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Bryan Burt appointed CTAB Chair

The Canadian Council of Technicians and Technologists (CCTT) is pleased to announce the appointment of Mr. Bryan Burt, CET as the Chair of the Canadian Technology Accreditation Board (CTAB) for a two-year term. “We are pleased to have someone with Mr. Burt’s knowledge and experience take over as Chair of CTAB said Isidore J. LeBlond, President and CEO, of CCTT. Mr. Burt is an experienced CTAB evaluator and in April 2014 was part of the CTAB Accreditation team that visited the College of the North Atlantic in Doha, Qatar.
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Algonquin named Canada's top social media college
Algonquin News Release
Media monitoring firm MediaMiser has published an infographic listing the top Canadian colleges on social media, based on a number of criteria. Algonquin College was found to be the top Canadian social college, reaching a broad audience on Twitter and on Facebook. Algonquin is identified in the infographic as the Canadian college most frequently mentioned on Twitter, while the Northern Alberta Institute of Technology was found to be the leader in the number of total retweets. Nevertheless, retweets about Algonquin reached a greater number of Twitter users.
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Alberta Roadbuilders and Heavy Construction Association gives $35,000 to Lethbridge College to support civil engineering technology students
Lethbridge College
The Alberta Roadbuilders and Heavy Construction Association (ARHCA) presented a $35,000 cheque to Lethbridge College today to assist students in the civil engineering technology program. The gift, which supports the college’s Possibilities are Endless campaign, will establish the Alberta Roadbuilders and Heavy Construction Association Civil Engineering Technologist Awards. Each year for the next seven years, five awards of $1,000 per year will be presented to students in financial need who are entering the Civil Engineering Technology program.
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Windsor-made security technology on display at Queen's Park
CBC News
New security technology developed at the University of Windsor was on display Monday night at Queen's Park. The school’s Cross-Border Institute presented advances in security, surveillance and fingerprinting technology during a security technology reception at Queen’s Park. Industry leaders, MPPs and members of the U.S. Consulate were all invited.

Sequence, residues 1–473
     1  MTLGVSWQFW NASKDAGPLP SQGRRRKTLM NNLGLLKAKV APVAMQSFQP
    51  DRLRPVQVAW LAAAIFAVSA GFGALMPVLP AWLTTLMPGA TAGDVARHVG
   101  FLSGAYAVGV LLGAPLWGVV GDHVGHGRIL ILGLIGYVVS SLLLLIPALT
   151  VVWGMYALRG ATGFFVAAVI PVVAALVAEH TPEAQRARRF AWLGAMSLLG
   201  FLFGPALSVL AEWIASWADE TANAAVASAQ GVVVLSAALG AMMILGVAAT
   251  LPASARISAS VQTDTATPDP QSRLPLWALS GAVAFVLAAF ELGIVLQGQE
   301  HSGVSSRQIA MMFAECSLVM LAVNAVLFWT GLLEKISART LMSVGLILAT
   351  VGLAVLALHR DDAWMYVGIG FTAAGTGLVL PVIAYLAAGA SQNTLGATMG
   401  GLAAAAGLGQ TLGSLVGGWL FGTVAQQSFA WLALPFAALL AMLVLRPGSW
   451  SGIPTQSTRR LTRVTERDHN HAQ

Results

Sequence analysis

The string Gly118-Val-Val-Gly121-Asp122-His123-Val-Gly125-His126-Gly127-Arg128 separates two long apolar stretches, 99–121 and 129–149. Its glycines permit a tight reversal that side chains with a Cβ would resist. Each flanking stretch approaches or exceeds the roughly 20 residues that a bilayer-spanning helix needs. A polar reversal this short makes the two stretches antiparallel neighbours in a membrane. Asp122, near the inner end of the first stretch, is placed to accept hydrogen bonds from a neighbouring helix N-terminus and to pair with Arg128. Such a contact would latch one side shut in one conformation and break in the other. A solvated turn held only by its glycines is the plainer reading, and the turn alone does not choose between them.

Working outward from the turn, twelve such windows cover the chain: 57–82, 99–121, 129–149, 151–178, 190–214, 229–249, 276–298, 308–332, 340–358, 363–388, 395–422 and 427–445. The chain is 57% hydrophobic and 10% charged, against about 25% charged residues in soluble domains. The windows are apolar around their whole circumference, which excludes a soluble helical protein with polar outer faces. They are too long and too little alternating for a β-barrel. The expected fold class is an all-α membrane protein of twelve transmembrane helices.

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Banks embrace new technology to woo younger clients
Toronto Sun
Canadian banks are shaking off a bit of the stable-but-staid reputation they built by dodging the worst of the global financial crisis as they embrace new technologies to reach an increasingly tech savvy audience. In doing so, the country's Big Six banks seek to woo younger clients at a time when their retail growth is starting to slow.
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Bryan Burt appointed CTAB Chair

The Canadian Council of Technicians and Technologists (CCTT) is pleased to announce the appointment of Mr. Bryan Burt, CET as the Chair of the Canadian Technology Accreditation Board (CTAB) for a two-year term. “We are pleased to have someone with Mr. Burt’s knowledge and experience take over as Chair of CTAB said Isidore J. LeBlond, President and CEO, of CCTT. Mr. Burt is an experienced CTAB evaluator and in April 2014 was part of the CTAB Accreditation team that visited the College of the North Atlantic in Doha, Qatar.

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Recharge your phone in 30 seconds?
Canoe.ca
An Israeli company says it has developed technology that can charge a mobile phone in a few seconds and an electric car in minutes, advances that could transform two of the world's most dynamic consumer industries. Using nano-technology to synthesize artificial molecules, Tel Aviv-based StoreDot says it has developed a battery that can store a much higher charge more quickly, in effect acting like a super-dense sponge to soak up power and retain it.

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Cheaper smartphones gain popularity among consumers
CBC News